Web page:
pa state police


The Burned Body on Broad Mountain

This story combines elements of a true crime mystery and a local ghost legend.

On Apr. 25, 1925, Claude and Mary Duncan were picking flowers in the deep woods by Broad Mountain (aka Gordon Mountain), Schuylkill County, PA, when they came upon a gruesome sight. After following the cawing of birds and watching crows circling overhead, the pair discovered a clearing that had been charred by a recent fire. In the middle of the small field was the mutilated and burnt corpse of a young woman. Investigation and autopsy reports yielded little into the mystery surrounding her death. She had a fractured skull, and had probably died of blunt force trauma to the head. She had been killed in another location and then taken to the dump sight by Broad Mountain, where she was burned. A rainfall later that day doused the fire before it could completely consume her remains. She was never identified, though it was theorized she may have been a prostitute, and her killer was never found nor were there any suspects. 

In hopes that she may eventually be identified, her head was severed and preserved in a doctor’s office in Ashland. 17 years later, PA State Police relocated the head to their headquarters in Harrisburg. Today, a plaster cast of that head resides in storage in Schuylkill County’s historical society.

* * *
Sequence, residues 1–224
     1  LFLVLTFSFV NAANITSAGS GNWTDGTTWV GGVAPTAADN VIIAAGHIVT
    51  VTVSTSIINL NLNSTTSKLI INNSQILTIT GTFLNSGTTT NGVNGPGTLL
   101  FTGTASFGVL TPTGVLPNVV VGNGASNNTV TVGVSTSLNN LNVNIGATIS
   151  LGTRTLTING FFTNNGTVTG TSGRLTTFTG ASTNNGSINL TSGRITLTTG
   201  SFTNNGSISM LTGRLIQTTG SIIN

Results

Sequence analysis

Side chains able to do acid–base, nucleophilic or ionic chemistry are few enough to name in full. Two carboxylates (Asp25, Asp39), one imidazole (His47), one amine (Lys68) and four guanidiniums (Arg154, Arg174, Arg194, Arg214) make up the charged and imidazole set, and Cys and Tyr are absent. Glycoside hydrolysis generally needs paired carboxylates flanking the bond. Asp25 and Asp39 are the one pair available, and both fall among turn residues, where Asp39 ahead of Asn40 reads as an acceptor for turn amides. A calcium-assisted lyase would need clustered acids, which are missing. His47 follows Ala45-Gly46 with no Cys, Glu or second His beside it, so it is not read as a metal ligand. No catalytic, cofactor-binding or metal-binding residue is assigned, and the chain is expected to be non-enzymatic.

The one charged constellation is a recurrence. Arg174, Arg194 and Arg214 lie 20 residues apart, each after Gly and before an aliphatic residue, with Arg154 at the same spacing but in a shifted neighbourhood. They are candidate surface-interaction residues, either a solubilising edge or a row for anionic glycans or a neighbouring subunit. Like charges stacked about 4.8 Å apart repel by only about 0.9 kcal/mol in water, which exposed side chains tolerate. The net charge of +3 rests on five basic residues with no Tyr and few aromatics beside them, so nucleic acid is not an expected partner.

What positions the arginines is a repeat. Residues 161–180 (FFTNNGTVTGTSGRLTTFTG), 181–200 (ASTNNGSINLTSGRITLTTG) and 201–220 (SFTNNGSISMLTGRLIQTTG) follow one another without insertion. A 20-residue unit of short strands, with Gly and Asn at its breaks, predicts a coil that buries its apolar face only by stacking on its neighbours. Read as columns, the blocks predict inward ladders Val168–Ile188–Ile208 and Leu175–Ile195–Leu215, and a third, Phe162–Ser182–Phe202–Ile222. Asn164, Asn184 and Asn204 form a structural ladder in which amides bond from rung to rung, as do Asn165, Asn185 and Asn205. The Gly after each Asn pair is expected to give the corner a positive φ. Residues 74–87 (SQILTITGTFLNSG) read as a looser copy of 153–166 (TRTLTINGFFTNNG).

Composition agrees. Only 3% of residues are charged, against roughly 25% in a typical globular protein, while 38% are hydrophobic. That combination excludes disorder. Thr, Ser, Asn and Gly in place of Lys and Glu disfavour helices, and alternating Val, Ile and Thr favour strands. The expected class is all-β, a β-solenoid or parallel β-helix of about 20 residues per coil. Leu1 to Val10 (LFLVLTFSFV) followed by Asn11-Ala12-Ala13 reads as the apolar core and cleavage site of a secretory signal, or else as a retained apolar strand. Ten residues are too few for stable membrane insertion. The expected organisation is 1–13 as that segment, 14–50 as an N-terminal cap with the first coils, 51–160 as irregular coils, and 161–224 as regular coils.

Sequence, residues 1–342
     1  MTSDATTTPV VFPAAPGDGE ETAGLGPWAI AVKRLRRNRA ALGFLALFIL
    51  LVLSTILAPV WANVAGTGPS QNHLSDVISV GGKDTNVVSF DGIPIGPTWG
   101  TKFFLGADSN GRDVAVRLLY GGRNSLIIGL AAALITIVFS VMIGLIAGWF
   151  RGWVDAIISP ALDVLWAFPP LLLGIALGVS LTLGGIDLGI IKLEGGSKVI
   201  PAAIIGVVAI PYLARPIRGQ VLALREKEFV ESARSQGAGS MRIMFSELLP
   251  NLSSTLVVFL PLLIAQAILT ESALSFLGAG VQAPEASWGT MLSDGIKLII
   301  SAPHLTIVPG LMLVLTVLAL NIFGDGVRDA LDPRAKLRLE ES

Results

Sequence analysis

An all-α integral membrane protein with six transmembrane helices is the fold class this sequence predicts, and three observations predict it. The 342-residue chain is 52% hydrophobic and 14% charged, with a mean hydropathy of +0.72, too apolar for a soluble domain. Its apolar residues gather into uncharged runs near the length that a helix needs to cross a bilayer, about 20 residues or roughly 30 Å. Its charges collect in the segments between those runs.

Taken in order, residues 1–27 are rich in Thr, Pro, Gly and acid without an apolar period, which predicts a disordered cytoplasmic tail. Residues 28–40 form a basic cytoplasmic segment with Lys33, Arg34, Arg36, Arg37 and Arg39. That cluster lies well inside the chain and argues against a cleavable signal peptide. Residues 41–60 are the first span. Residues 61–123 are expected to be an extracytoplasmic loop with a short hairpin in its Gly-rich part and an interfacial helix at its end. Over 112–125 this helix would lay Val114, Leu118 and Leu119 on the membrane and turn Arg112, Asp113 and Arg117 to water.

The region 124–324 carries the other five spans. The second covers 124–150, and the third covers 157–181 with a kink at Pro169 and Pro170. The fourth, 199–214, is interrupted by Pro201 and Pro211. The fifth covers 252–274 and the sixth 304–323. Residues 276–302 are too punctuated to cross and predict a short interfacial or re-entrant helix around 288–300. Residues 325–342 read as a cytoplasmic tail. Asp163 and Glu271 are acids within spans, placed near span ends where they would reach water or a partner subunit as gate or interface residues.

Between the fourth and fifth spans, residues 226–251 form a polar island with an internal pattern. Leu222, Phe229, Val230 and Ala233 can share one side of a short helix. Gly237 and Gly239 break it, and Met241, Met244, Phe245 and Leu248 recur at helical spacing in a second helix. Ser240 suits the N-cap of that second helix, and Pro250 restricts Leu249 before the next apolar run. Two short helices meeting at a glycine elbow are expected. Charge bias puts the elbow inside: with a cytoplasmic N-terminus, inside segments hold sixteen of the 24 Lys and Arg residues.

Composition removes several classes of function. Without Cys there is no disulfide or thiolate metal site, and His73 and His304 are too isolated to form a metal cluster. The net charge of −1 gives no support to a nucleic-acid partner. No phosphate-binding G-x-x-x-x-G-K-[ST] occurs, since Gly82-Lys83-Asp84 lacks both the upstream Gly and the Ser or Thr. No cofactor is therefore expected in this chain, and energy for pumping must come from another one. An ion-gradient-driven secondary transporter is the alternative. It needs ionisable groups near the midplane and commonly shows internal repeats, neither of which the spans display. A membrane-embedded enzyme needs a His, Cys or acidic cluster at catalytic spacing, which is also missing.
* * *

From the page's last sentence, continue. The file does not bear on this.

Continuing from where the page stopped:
This unidentified murder victim is said to be the origin of the multiple paranormal occurrences that have taken place on Broad Mountain. Car engines are said to shut off, and translucent apparitions of a girl have been spotted near the area her body was found. The area became so popular that traffic jams were frequent on the mountain. The murder investigation is currently a “cold case” at state police headquarters.

In 1973, J. A. Seitzinger came forward as the perpetrator of many of the mountain’s paranormal sightings. He and two friends had been using mannequins and sheets to trick people into thinking the mountain was haunted ever since the young woman’s murder. Although his hoaxes are the explanation for many of the areas supposed paranormal activities, both Seitzinger and other local residents were and are convinced that something is haunting Broad Mountain.